The United Association of Plumbers and Pipefitters (UA) has done a remarkable job of exposing this travesty. They have had qualified union members apply for these lower wage jobs, and when the employer finds out who they are and examines their stellar qualifications, these applicants are simply never contacted. Over the last couple of years throughout the Gulf Coast, the UA has successfully stopped over 12,000 individual job placements from going forward because of such fraudulent advertising practices.
And this comes on the heels of another employer in the Gulf Coast who, in 2007, fraudulently submitted applications for 6,000 foreign H-2B visa workers to work on re-building the petrochemical industry in that region after the devastation of Hurricanes Katrina and Rita, when many American workers in that region were desperate for work. Of the 6,000 applications for welders, 3,000 were targeted for the Motiva Refinery, 1,500 for Valero, 1,000 for Total Petrochemical & 500 for ExxonMobil. The State Workforce Agency killed this application after complaints from local building trades unions in that area, along with newspaper stories and investigations. With so much fraud involved it is unfathomable that not one single person went to jail or was even charged for filing forged documents and falsified applications!
If that’s not enough, you could point to the example of late 2006, again along the Gulf Coast, where U.S. and Indian recruiters defrauded more than 500 Indian workers of $20,000 each for an American dream—promises of good work and green cards—but delivered to them instead temporary visas binding them to one employer, along with deplorable conditions at Signal International shipyards, and constant threats of deportation from the company.
Or, the example in Los Angeles, CA where it was discovered that Jacobs Engineering was seeking H-2B visas to import several hundred workers to fill skilled craft positions at a Los Angeles refinery. And in Florida, where the quick action on the part of our State Building and Construction Trades Council thwarted attempts by Blackhawk Marine to obtain H-2B visas for 400 foreign national workers in the Tampa area.
Who can blame the construction unions for taking the lead on exposing such a corrupt program? Unemployment in construction has soared above the national average, currently holding steady at 14%, and only dropped from above 20% in recent years due to a massive removal of workers from the labor force. To suggest that there is a shortage of U.S. construction workers ready and able to fill the jobs that these imported foreign workers are being tricked into taking is laughable. State unemployment figures in construction suggest any even more dire situation:
For the years January 2007 through January 2012, the following statistics apply:
• Four states — Alabama, Florida, Mississippi, and New York — reached new lows in construction employment last month.
• Thirteen states — Alabama, Florida, Georgia, Hawaii, Kentucky, Massachusetts, Mississippi, Missouri, New Mexico, New York, Texas, South Dakota, and Wisconsin — have reached new lows in construction employment in the last three months.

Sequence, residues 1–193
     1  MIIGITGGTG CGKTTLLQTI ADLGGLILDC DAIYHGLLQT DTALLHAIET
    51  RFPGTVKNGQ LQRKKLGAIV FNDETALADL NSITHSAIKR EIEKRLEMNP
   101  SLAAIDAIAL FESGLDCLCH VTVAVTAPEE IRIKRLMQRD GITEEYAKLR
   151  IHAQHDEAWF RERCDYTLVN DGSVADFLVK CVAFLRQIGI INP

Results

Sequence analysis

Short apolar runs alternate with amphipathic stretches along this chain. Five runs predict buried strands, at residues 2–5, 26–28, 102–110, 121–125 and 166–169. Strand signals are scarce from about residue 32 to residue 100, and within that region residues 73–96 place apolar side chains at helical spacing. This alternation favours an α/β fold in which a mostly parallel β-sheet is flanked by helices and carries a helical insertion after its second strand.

• Eighteen states have reached new lows in construction employment within the past six months.
• Twenty-nine states have reached new lows in construction employment in the past year.
• Ten states are within 1% of new lows in construction employment.
• Twenty-eight states are within 5% of new lows in construction employment.
• Forty-four states are within 10% of new lows in construction employment.
• Twenty-one states have fewer construction workers today than in 1990, 22 years ago.
And what about Alabama, Rep. Shelby’s home state? Well, the collapse of the construction sector has resulted in a whopping 35% decrease (!) in construction employment since 2007. 35%! The kicker? Eight other states (UT, CA, SC, ID, MI, AZ, FL, NV) show even worse drop-offs during the same period.
Newly-appointed Building and Construction Trades Department President Sean McGarvey addressed Shelby and his kind in a statement released late yesterday:
“The Shelby Amendment has effectively incentivized the importation of foreign workers into an already devastated U.S. construction industry,” said McGarvey. “He is simply rubbing salt into the wounds of American construction workers.”
The National Guestworker Alliance, which has helped expose the C.J.’s Seafood monstrosity, providing video testimonial from the harmed guest workers, joined in calling yesterday’s vote a “disgrace.” Beyond the hiring practices and forced subhuman working conditions is the question of wages, one of the main reforms Senator Harkin’s bill set out to implement. The following chart, from the DOL, shows the top 30 H-2B occupations and how their respective wages would improve if the H-2B wage rule were allowed to go into effect. The Harkin bill would re-establish Davis Bacon wages as a standard in the construction industry for these jobs.
These numbers are remarkable. No industry would see less than a 19% wage increase under the new rule and fully one third of the top 30 H-2B occupations would see wage increases of 40%. These wages would then be in line not only with the skills needed to perform many of these jobs — skills that thousands of unemployed Americans have previously trained to be able to provide — but with the promise of a dignified working class life that so many Congressmen campaign on.
It must be noted that this LHHS committee has a Democratic majority. If the Democrats, alleged defenders of the vanishing Middle Class, voted along party lines yesterday it would have sent the Shelby amendment packing by a 16-14 margin. This vote was an absolute forfeiture by the party, one that represents the exact kind of anti-worker tendency that labor groups and human rights advocates have witnessed with disturbing regularity from so-called “progressives.”
There is no justification for it. Except the life cycle of a crab.